How to Meditate
I’ve meditated on and off for years. Towards the end of 2013 I did a course in Primordial Sound Meditation courtesy of The Sleep Guru, and since then I have been practising this type of meditaiton.
Whenever I mention meditation, people seem to have endless questions about it. Just lately I’ve had several conversations with peopleasking how you do it, whether I see a benefit, what it’s all about, whether you need to download a special app or buy special clothes or sit in the lotus position chanting Om while burning incense.
Here are some basic tips to get you started, if you’re thinking about meditation…
- Decide whether you want to use a mantra or a guided meditation. You can download an app like Insight Timer which has loads of guided meditations, or there is the Headspace app which has several days’ free mindfulness meditations you can use before you need to subscribe.
- Guided meditations are useful when you first start out, but you can always use a mantra instead. A mantra can be anything you choose really, just something you repeat over and over as you meditate. A lot of people choose So Hum which is a yogic mantra meaning “I am that.”
- If you really want to, you can buy a set of mala beads. They’re sort of like the Buddhist equivalent of a rosary, and you use them to keep track of how many times you’ve repeated your mantra. They’re not necessary though, and that’s the beauty of meditation: you needn’t buy anything!
- If you’re not using a guided meditation, you might want to set a timer. Don’t choose an alarm on your mobile that will jolt you back to consciousness though; the Insight Timer app has a nice bell tone that you can use, or choose something gentle from your mobile.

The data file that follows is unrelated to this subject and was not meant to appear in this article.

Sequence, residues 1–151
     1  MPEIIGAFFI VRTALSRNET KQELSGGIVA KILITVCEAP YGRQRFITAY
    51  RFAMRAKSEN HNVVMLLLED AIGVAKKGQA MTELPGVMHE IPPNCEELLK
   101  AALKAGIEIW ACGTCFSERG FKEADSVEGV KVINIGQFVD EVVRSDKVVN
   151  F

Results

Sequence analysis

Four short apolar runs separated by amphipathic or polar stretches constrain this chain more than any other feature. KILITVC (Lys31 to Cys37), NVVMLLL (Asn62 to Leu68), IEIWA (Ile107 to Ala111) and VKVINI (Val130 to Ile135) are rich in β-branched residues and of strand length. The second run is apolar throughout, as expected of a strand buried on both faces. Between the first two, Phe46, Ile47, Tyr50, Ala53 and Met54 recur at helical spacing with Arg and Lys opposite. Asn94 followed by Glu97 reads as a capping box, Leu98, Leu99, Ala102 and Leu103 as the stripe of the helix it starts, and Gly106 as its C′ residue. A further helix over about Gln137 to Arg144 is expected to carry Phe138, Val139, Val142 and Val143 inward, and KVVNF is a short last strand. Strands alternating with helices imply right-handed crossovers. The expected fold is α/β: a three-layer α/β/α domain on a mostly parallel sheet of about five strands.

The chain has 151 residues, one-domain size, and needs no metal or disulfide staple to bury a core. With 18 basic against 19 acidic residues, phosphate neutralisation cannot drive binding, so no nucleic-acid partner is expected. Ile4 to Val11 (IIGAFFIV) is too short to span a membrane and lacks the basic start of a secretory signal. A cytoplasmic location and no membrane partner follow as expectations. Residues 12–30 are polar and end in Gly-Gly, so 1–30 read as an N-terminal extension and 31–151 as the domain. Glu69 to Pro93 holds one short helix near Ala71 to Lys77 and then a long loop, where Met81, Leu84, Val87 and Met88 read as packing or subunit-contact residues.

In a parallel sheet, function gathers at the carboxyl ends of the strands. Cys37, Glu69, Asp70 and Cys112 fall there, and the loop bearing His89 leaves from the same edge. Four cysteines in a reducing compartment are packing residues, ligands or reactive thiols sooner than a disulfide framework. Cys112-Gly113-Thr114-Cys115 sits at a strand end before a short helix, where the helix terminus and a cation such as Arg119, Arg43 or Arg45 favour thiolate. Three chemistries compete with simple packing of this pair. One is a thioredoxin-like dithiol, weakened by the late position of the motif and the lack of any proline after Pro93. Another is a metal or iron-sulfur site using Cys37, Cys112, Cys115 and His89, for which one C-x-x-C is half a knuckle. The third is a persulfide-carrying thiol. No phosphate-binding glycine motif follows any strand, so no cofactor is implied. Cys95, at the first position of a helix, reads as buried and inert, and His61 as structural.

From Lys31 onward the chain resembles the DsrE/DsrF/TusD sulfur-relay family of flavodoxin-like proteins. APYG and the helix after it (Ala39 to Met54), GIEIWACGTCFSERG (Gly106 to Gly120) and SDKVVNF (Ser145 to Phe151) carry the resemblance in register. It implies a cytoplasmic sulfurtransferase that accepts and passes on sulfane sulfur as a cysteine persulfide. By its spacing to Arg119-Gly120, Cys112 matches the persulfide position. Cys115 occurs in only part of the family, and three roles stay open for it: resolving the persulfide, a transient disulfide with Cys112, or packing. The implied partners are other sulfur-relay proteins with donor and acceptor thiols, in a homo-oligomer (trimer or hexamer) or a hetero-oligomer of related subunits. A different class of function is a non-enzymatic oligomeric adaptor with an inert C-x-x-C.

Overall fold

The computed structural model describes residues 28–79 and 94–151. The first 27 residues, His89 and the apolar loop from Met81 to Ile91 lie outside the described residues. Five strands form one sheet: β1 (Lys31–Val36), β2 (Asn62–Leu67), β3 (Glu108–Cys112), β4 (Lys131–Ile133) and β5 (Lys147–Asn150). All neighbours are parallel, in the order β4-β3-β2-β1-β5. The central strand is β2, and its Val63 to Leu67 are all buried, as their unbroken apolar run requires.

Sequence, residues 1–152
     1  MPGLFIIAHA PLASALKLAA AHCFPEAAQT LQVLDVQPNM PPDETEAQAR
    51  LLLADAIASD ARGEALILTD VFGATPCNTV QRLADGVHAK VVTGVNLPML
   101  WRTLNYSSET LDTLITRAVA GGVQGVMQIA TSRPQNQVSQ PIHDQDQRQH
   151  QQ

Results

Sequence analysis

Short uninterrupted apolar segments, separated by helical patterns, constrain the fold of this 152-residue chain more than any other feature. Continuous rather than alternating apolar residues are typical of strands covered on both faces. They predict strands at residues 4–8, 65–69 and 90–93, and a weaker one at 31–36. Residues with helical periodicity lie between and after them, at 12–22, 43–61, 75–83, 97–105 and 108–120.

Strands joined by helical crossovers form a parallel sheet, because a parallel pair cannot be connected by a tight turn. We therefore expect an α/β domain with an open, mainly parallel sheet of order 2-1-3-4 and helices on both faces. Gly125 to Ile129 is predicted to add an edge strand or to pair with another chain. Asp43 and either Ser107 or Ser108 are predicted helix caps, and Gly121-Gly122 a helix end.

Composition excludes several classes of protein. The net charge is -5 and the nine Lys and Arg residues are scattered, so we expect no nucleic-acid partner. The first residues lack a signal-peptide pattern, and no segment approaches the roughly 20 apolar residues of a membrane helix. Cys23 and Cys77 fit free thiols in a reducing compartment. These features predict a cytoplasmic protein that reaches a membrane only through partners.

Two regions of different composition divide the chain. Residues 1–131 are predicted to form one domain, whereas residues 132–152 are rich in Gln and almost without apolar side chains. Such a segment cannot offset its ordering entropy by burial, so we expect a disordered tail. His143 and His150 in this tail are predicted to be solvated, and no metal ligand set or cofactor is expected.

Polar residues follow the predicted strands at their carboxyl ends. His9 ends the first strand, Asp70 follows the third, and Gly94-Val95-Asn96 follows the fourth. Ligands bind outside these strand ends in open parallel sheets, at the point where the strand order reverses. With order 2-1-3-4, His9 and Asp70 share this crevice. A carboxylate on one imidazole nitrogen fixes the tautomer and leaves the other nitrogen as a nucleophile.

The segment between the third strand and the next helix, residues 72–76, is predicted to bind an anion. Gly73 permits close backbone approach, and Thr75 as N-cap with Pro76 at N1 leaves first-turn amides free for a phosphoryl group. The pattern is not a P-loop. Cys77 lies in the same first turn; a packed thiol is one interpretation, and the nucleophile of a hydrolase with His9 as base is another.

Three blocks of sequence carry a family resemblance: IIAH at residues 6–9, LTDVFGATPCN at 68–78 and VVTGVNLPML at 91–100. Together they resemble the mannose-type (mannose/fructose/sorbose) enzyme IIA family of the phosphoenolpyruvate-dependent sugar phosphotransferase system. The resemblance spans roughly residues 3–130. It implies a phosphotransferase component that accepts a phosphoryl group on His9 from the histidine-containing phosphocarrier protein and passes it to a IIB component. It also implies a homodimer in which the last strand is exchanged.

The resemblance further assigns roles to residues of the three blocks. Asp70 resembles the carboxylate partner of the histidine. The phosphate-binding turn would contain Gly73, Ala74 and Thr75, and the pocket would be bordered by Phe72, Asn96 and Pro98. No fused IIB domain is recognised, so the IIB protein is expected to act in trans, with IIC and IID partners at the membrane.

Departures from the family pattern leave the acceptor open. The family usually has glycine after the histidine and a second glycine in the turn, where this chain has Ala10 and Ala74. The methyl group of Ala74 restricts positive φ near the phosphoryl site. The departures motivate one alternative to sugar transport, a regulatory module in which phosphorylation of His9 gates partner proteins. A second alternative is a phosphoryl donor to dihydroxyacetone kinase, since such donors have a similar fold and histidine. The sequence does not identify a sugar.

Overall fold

- Find a quiet spot where you won’t be disturbed. Switch your phone off – or at the very least, to silent so that there’s no chance of it bothering you.
- Make sure you’re wearing comfortable clothes – nothing digging in or itching. Consider a shawl or blanket around your shoulders to keep you warm, since you’ll be sitting still for a while.
- Sit comfortably. You don’t need to sit in the lotus position, or even with your legs crossed if you don’t want. Ensure there is something behind you to support your back. I usually take a cushion from the sofa and sit on the floor, against a wall. As you sit, try to ensure your back is straight.
- Close your eyes and breathe. Try to take deep breaths, filling your lungs from the bottom up. This is often called breathing through the diaphragm. If you find it easier, you can put your palm over your stomach; as you breathe in you should feel your stomach expand as your lungs fill with air.
- Don’t worry if your mind wanders; that’s perfectly normal and something that everyone struggles with. The trick is to just quietly notice that you’re not focusing on your mantra or the guided meditation any more, and gently bring your mind back to it. You might have to do it a hundred times the first time you meditate; just keep going!